2) But, again, Sailer agrees with all of this! (Or, at least, he can grant all of this without backing down on his main thesis.) When is Cowen going to explain “Why Steve Sailer is Wrong?”

Most importantly, there is a critical distinction between hypocritical discourse on race and racism itself. Hypocritical discourse on race is harmful and often Sailer does a very good job skewering it. But racism itself is far, far more harmful, whether in the course of previous history or still today.

So what? Sailer does not deny that racism exists or that it is harmful. This sounds like more throat-cleaning to preserve Cowen’s place in the commentariat. As “tom” in the comment thread notes:

Would you say it if you thought that there were group differences? You would probably lose your NYT column. You would probably be protested on campus. You would probably be called a racist by young bloggers and liberal bloggers to whom you frequently link. Publishers of the type that put out your books would recoil.

I am not saying that you are incorrect. I am saying that you could not realistically answer the other way and keep your life the same as it is now.

Can you answer my question? Would you say if you thought Sailer was right?

Good question. Back to Cowen:

It is fine if a given individual, for reasons of division of labor, spends his or her time attacking hypocritical discourse about race rather than attacking racism itself. (For instance we shouldn’t all focus on condemning Hitler and Stalin, simply because they were among the most evil men; there are other battles to fight.) But I still wish that specified individual to ardently believe that racism is the far greater problem. Insofar as that individual holds such a belief about racism, I am much happier than if not.

So, the key issue is comparing the harm caused by “hypocritical discourse about race” versus the harm caused by racism? What relevance does this have to the issue at hand?

Another Marginal Revolution commentator notes that “This thread is almost a rehash of one at Brad DeLong’s blog back in 2005! Brad was caught censoring comments, including ones by Greg Cochran and Steve Hsu.” Indeed, see the provided links here, here and here.

Summary: Cowen’s post about “Why Steve Sailer is Wrong” is pathetic. He fails to clearly explain what Sailer believes or to offer arguments against those beliefs. He seems familiar with some of the relevant scientific literature, but declines to mention any of it. Cowen is trapped. He is too intellectual honest and open-minded to ignore the issue completely but too aware of the dangers of being Watsonized to dare to address the topic of race and IQ directly.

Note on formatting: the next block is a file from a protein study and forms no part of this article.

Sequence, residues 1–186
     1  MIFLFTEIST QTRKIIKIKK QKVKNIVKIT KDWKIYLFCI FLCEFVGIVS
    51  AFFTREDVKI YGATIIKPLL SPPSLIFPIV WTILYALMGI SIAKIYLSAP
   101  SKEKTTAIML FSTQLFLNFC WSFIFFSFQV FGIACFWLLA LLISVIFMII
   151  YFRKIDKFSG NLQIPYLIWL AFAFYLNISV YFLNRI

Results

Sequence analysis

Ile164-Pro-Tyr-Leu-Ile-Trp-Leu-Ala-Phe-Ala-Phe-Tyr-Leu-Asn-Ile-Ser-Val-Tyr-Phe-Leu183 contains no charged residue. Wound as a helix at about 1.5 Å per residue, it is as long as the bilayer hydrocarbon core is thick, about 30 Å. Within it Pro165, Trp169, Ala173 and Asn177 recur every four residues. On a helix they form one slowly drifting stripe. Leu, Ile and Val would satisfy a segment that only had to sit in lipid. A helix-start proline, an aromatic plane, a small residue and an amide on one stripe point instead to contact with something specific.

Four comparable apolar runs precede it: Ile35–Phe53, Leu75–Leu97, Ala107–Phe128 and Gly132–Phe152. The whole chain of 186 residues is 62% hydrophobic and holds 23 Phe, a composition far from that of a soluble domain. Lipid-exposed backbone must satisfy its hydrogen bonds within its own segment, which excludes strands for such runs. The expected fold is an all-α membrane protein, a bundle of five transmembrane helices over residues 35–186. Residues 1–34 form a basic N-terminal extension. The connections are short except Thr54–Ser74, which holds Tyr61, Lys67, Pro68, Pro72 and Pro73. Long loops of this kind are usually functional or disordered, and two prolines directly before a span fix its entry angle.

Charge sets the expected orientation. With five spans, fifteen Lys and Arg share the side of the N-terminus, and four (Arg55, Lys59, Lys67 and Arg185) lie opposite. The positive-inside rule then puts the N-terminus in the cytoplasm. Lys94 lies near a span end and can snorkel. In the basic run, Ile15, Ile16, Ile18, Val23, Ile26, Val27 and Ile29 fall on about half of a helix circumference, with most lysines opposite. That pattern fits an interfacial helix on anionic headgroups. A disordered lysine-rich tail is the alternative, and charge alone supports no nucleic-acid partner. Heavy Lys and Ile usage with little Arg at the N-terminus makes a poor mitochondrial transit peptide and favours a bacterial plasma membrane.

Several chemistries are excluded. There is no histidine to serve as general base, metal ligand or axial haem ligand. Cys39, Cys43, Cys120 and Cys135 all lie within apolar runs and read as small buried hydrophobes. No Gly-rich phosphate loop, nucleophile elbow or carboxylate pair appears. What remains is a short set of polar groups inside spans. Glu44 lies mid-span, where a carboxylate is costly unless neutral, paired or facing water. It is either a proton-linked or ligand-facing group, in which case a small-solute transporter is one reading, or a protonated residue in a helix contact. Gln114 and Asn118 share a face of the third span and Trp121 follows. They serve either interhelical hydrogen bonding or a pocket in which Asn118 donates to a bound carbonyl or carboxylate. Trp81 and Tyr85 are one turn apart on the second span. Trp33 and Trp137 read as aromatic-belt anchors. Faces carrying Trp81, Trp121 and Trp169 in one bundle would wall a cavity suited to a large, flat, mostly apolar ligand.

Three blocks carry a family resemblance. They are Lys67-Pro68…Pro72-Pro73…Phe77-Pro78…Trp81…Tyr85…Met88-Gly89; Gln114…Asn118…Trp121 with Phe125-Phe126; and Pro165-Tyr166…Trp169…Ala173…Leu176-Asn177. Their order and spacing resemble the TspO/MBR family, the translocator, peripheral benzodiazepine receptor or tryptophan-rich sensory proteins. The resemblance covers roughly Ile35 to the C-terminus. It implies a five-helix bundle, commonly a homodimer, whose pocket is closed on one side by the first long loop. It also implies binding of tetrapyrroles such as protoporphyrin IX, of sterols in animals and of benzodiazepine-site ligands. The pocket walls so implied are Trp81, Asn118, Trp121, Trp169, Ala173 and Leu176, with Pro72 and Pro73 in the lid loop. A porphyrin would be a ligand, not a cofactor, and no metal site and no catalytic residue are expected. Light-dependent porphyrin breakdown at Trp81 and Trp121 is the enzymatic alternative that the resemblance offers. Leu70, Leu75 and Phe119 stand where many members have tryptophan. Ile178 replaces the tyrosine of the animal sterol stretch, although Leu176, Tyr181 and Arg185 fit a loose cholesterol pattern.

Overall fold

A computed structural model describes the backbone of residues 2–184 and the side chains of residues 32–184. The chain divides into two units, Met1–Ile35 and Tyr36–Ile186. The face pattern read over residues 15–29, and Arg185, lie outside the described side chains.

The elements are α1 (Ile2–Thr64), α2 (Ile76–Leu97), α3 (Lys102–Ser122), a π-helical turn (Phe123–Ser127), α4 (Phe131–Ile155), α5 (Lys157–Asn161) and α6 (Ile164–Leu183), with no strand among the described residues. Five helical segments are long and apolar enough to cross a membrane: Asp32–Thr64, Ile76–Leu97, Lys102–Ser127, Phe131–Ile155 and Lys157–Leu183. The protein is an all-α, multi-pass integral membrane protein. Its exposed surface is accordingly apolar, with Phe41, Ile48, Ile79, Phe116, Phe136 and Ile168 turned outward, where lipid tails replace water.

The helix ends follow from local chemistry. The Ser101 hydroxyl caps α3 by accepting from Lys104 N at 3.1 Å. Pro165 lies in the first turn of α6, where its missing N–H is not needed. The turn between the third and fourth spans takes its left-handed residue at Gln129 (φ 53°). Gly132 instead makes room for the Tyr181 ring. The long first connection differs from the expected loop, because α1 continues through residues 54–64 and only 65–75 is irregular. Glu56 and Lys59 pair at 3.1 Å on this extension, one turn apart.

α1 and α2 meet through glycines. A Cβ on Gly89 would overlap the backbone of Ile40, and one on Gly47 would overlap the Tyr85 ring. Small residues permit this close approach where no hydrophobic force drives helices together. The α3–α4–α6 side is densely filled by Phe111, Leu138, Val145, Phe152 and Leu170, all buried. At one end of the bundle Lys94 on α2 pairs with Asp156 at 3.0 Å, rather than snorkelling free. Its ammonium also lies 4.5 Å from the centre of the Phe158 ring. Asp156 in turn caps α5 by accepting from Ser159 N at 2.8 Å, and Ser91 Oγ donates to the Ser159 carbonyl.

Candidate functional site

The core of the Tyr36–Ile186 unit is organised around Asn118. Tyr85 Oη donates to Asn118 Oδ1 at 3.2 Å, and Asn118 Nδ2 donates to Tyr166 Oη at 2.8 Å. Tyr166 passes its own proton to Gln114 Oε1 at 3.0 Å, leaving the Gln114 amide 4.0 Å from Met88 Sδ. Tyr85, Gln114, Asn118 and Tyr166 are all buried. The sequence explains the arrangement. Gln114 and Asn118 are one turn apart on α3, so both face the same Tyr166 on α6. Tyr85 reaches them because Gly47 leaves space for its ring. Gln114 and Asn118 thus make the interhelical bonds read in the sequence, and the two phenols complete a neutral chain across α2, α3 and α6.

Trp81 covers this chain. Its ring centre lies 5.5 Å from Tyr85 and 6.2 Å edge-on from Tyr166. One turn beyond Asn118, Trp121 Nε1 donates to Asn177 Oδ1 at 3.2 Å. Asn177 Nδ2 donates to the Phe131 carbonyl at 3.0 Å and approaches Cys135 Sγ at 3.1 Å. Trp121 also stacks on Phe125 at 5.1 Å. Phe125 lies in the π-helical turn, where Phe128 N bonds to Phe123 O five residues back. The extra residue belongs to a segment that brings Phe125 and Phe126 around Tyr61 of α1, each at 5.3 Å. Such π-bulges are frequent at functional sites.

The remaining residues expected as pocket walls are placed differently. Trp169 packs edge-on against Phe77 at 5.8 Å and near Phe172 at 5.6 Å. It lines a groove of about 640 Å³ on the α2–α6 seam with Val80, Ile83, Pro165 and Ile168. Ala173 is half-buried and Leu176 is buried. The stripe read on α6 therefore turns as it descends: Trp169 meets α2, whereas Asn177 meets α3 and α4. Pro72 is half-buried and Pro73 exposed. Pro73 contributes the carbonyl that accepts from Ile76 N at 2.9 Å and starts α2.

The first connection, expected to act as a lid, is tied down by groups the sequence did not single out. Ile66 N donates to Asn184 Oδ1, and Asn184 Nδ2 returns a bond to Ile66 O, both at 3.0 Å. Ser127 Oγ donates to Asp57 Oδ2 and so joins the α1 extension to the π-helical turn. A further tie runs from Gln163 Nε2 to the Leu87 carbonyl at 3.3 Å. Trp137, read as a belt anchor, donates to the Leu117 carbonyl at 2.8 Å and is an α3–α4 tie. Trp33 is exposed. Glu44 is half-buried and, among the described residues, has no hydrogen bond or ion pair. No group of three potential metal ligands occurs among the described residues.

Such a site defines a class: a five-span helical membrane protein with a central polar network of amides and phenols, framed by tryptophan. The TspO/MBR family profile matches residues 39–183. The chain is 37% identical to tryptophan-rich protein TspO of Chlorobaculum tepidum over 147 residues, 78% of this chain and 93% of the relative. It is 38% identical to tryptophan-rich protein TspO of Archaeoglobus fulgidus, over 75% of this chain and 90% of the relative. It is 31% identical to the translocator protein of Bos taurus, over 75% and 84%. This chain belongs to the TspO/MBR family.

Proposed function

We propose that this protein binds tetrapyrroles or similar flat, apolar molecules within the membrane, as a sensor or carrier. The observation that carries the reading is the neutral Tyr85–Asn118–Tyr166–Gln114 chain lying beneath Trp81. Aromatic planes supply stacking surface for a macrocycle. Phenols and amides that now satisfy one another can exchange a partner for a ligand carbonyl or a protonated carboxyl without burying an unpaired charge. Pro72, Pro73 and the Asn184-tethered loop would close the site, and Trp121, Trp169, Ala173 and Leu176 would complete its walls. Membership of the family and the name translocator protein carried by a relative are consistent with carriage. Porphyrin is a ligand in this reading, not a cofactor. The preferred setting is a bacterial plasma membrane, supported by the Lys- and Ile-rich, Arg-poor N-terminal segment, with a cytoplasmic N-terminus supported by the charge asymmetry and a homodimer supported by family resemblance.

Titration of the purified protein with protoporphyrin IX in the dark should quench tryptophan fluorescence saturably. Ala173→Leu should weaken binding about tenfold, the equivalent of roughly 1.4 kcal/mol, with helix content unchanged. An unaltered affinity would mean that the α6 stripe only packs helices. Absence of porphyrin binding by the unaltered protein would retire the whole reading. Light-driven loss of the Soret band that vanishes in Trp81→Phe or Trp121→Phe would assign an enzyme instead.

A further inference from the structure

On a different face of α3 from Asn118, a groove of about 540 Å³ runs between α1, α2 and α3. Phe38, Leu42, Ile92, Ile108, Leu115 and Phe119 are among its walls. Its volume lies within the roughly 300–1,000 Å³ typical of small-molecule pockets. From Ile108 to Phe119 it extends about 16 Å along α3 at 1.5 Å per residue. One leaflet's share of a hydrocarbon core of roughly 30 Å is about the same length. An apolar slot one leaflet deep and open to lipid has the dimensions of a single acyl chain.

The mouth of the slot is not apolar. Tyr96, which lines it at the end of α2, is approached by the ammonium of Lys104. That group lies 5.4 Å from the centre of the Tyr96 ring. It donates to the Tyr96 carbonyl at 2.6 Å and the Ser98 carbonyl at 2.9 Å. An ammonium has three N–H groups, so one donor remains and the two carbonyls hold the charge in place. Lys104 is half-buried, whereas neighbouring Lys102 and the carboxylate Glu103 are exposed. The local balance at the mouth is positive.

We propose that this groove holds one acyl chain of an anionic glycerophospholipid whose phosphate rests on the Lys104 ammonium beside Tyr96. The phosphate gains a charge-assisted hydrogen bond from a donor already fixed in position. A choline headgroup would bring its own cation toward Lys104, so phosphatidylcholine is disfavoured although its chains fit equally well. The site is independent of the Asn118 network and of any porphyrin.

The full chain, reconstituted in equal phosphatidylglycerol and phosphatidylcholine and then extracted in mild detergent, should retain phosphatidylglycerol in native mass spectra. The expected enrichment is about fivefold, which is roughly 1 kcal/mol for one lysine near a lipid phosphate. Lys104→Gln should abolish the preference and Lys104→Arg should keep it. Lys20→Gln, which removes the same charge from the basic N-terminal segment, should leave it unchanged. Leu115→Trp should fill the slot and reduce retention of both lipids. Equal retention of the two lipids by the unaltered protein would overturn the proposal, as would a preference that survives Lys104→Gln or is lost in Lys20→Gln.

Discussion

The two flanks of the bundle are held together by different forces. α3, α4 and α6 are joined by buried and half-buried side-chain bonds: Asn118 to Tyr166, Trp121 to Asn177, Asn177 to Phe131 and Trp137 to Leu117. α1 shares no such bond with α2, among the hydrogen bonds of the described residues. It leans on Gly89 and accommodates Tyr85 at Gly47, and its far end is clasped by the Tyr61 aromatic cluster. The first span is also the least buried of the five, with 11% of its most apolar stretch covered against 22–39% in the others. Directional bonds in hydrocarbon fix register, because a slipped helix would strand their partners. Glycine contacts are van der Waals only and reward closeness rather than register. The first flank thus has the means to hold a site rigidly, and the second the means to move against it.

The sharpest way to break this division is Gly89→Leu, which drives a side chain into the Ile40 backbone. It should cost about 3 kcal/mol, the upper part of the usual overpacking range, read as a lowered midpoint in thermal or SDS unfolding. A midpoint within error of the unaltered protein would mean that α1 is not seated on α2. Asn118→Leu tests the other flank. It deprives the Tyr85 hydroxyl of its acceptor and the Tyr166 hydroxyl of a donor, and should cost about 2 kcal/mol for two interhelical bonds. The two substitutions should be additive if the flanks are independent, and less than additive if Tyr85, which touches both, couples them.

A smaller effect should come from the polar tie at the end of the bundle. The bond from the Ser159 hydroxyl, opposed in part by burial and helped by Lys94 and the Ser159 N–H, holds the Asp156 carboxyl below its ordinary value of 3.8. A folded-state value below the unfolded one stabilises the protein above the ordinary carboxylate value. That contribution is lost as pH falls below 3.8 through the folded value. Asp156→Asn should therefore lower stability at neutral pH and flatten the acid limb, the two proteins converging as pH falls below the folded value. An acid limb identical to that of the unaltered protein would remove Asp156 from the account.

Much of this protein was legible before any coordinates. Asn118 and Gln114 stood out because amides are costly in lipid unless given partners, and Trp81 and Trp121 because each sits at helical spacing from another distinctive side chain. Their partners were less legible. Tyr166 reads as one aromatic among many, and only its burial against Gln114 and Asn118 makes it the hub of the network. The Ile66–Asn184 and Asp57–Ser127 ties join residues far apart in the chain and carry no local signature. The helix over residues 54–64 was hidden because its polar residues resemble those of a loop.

KITLG associated with testicular germ cell tumors

Two papers in Nature Genetics report today that variation in KITLG is associated with development of testicular germ cell tumors. Regular readers of this site will recognize that gene name: KITLG is also one of the important loci contributing to differences in skin pigmentation between human populations. The authors are aware of this:

As KITLG has a role in determining level of pigmentation, we postulated that inherited variation at this locus could provide a genetic explanation for the observed differences in TGCT incidence in whites and blacks. KITLG has undergone strong positive selection in the European and East Asian populations, with an extended haplotype of 400 kb. Data from HapMap phase 3 show significant differences (P = 4.3 times 10e-20) in the frequency of the risk alleles of KITLG (rs3782179 and rs4474514) when comparing the CEU (major allele frequency = 0.80) and ASW (African ancestry in Southwest United States: major allele frequency = 0.25) populations. This finding suggests that inherited variation in KITLG may explain, in part, the observed differences in TGCT incidence between whites and blacks.